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Scallops with garlic butter and black pudding

Scallops come complete with their own little frying pans – their shells. If you can get hold of some live, hand-dived scallops in the shell this is a great thing to try on the fire. The sweet scallop meat takes on a superb flavour from the smoky embers, but it’s the bubbling, garlicky butter with black pudding and a hint of rosemary that make this recipe so incredibly tasty.


Prepare your fire. You’ll be cooking directly in the embers so they need to be super-hot.

It is possible to buy prepared scallops in the half-shell, ready to go, but if you’re buying them live then you’ll need to prepare them yourself. The shell will at first be shut tight, but it may well open up a few centimetres over 48 hours. To open or shuck the scallop you need a thin-bladed knife, such as a filleting knife – one with a little flex is good.

Hold the shell vertically (round-edge down on the board, hinge at the top) with the flat side of the shell facing towards you. Find an opening part-way down the edge of the shell to insert the knife into. If there is no opening, wangle the knife tip in anyway. The idea is to keep the knife as tight to the flat of the shell as you can, and carefully cut down through the muscle where it meets the shell.

With luck and practice, the shell will open and the scallop meat will remain whole. You need to get rid of the dark gut sac at the back of the scallop, plus a small strand of black intestine. Make a little incision just behind where the orange roe joins the meat and peel off the gubbins, leaving the orange roe with the meat (or you can remove the roe if you prefer). You may wish to cut off the small piece of extra-white tough muscle on the edge of the more tender flesh (as chefs often do); it’s up to you.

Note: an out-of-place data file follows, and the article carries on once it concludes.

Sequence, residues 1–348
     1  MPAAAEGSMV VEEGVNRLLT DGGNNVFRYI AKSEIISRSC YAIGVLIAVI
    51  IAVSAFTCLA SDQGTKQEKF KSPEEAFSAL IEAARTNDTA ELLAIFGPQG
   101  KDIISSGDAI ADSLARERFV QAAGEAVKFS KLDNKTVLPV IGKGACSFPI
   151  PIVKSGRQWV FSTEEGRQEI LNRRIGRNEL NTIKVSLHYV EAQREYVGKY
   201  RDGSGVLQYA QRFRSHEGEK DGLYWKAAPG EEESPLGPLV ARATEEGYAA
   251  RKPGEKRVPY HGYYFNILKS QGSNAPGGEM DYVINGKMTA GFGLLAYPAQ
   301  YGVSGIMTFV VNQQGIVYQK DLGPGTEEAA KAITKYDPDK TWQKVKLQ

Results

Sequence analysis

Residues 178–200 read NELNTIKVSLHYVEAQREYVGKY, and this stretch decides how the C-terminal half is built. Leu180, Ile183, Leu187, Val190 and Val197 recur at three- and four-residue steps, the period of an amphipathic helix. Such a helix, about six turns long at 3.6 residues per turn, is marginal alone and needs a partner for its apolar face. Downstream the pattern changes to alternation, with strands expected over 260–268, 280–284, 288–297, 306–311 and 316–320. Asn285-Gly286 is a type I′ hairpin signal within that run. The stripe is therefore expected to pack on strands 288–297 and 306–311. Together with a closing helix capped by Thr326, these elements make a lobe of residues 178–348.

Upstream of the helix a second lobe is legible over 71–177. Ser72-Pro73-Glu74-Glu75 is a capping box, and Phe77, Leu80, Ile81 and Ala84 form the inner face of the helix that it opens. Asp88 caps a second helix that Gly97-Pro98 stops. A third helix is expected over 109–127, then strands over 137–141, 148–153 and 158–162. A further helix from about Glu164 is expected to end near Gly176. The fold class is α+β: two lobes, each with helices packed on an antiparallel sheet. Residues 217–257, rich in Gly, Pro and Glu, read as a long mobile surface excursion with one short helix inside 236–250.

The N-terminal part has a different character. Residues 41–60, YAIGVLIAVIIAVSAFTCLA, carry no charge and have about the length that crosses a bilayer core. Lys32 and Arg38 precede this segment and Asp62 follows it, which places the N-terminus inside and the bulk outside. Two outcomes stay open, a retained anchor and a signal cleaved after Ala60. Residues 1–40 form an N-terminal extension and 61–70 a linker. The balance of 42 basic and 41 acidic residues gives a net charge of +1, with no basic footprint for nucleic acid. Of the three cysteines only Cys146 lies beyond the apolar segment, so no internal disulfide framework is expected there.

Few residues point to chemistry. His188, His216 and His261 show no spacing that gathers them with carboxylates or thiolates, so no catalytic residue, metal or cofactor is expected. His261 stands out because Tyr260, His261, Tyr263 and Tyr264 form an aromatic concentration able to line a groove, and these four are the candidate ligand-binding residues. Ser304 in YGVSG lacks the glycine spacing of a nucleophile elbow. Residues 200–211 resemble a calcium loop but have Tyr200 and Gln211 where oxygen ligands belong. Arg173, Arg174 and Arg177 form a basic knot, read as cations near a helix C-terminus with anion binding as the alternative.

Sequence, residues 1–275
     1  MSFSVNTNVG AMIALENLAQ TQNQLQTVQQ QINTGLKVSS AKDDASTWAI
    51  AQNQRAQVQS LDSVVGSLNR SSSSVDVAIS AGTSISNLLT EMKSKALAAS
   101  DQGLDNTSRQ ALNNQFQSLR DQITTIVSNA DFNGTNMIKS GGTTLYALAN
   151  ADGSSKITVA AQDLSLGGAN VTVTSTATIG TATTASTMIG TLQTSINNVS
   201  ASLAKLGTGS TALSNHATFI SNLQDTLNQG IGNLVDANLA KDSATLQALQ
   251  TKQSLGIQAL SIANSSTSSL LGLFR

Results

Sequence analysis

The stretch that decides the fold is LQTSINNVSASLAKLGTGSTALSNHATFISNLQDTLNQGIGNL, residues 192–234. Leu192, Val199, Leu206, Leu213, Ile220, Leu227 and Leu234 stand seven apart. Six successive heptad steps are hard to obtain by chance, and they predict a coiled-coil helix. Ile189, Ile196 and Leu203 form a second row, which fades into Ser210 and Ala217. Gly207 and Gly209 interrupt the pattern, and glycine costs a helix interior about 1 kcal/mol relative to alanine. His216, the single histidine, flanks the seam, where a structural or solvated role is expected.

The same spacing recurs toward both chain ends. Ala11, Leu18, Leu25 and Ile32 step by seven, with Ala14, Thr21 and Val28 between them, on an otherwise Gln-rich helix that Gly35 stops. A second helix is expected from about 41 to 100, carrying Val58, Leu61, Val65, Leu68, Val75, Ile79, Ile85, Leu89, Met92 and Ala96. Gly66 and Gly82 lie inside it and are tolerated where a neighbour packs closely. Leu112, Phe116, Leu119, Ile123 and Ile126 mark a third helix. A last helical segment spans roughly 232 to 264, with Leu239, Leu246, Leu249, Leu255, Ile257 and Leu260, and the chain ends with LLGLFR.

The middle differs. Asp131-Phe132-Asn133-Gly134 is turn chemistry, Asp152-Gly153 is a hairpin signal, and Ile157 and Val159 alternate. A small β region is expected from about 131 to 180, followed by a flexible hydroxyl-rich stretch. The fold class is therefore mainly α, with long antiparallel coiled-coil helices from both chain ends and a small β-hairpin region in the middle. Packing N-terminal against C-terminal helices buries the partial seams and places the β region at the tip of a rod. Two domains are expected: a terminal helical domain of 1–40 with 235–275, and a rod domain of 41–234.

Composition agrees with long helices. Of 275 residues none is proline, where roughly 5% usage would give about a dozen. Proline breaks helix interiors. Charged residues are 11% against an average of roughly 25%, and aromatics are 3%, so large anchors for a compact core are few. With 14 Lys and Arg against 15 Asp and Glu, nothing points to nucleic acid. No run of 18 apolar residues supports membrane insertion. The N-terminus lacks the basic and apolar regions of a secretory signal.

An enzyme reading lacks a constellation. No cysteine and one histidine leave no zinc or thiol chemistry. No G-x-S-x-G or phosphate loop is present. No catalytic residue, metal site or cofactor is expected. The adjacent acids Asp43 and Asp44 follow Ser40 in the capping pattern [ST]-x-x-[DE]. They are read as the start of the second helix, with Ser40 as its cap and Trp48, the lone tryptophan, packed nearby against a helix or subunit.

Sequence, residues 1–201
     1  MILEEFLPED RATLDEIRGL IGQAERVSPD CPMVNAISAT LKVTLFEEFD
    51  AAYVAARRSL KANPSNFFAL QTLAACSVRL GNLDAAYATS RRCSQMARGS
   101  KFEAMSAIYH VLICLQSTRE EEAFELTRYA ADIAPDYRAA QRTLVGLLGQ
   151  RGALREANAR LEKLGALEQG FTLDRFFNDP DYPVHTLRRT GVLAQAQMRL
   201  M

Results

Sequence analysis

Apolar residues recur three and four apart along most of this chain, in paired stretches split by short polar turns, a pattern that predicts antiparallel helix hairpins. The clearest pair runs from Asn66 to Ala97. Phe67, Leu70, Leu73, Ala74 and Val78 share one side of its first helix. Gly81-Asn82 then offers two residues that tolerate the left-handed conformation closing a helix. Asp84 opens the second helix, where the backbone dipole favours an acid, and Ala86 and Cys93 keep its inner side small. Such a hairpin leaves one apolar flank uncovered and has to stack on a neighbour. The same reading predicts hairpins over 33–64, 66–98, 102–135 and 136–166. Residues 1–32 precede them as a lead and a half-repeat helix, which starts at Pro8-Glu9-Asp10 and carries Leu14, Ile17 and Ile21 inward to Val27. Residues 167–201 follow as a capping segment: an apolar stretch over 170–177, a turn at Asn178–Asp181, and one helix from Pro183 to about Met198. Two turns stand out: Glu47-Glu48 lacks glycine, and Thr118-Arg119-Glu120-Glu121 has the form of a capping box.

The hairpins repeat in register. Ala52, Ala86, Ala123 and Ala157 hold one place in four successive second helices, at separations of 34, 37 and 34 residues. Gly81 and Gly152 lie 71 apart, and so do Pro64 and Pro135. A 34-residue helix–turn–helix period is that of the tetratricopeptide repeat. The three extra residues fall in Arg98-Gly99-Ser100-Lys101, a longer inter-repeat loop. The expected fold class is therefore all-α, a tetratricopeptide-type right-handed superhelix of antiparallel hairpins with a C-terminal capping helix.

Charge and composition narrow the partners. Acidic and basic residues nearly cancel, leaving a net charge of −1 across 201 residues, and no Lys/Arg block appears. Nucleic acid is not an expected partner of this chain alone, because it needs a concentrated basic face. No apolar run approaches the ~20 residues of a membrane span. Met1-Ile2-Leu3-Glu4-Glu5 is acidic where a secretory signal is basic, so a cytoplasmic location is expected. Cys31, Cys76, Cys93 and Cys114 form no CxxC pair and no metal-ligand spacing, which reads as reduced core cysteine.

Place each scallop nugget in its cleaned cupped half-shell and dot with the softened butter. Crumble over the black pudding and scatter over the sliced garlic. Season with plenty of salt and black pepper and add a little piece of rosemary sprig to each scallop shell.

Level out the glowing white embers of the fire with a stick, then carefully place the scallop shells directly onto the coals. The shells need to sit level. The scallops will heat up quickly and the butter will start to sizzle, frying the scallops in their own shells. After 1–2 minutes (depending on size), use tongs to turn each scallop over, without disturbing the shells.

Cook for a further minute, until the scallops are cooked through, then carefully remove each shell from the embers. If at any point you think the butter is burning, move the shell to a less-hot part of the fire.

Set the scallops on plates or stones and tuck in, but be careful of the hot shells.

Serve with bread and a green salad.

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6–8 large scallops in their shells

100g butter, softened

100g black pudding, coarsely crumbled

2 garlic cloves, peeled and sliced

A couple of rosemary sprigs

Sea salt and freshly ground black pepper

Prepare your fire. You’ll be cooking directly in the embers so they need to be super-hot.

Serves 2 as a starter

This recipe is taken from...

Outdoor Cookery - River Cottage Handbook